A failed political strategy.
The United States Olympic and Paralympic Museum is opening in Colorado Springs, Colorado soon and there will be a tribute to the 1980 United States team that never made it to the Moscow Olympics. No matter what the International Olympic Committee President Thomas Bach says, the Olympic event is a political platform. The 1936 Berlin Games, the 1968 Mexico City Games, the banishment of South Africa from the 1964 Tokyo Games because of Apartheid, the 1976 African countries boycott of the Montreal Games are a few examples. The Soviet Union invaded Afghanistan on December 24, 1979. In January, 1980 President Jimmy Carter went on NBC’s public affairs show, Meet the Press, and announced a deadline of February 20 for the Soviet Union to leave Afghanistan. He demanded “that the Olympic games be moved from Moscow to an alternative site, or multiple sites, or postponed or cancelled.” The Soviets heard Carter and ignored him.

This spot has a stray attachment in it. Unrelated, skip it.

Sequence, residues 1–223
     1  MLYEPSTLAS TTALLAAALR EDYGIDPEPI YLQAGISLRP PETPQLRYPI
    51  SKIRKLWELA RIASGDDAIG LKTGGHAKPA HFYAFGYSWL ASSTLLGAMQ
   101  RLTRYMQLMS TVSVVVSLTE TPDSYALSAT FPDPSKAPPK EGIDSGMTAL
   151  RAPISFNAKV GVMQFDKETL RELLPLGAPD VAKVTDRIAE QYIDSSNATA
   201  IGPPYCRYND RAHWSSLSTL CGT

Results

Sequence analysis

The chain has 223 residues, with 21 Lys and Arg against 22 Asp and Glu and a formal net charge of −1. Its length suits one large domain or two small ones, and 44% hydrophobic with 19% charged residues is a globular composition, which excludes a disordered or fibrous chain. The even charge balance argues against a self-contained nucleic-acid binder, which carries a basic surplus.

Carter played hardball with the Soviets and denied the Soviets two items, grain and informational technology. He also limited Soviet fishing in American territorial waters. The American athletes were threatened with having their passports revoked if any of them decided to go to Moscow and compete under a neutral flag. The United States team which consisted of more than 160 athletes, coaches and support staff could not compete in the Moscow Games. Carter did get other countries to follow his lead but was unable to persuade Britain, France, Greece and Australia to go along with his policy. Canada, West Germany, and Japan joined the boycott. One of the athletes who did not compete in the 1980 Games was Bach, a West German fencer. Bach won a gold medal at the politically charged Montreal Games in 1976. The Carter-led boycott was a political failure as the Soviet Union did not leave Afghanistan until 1989.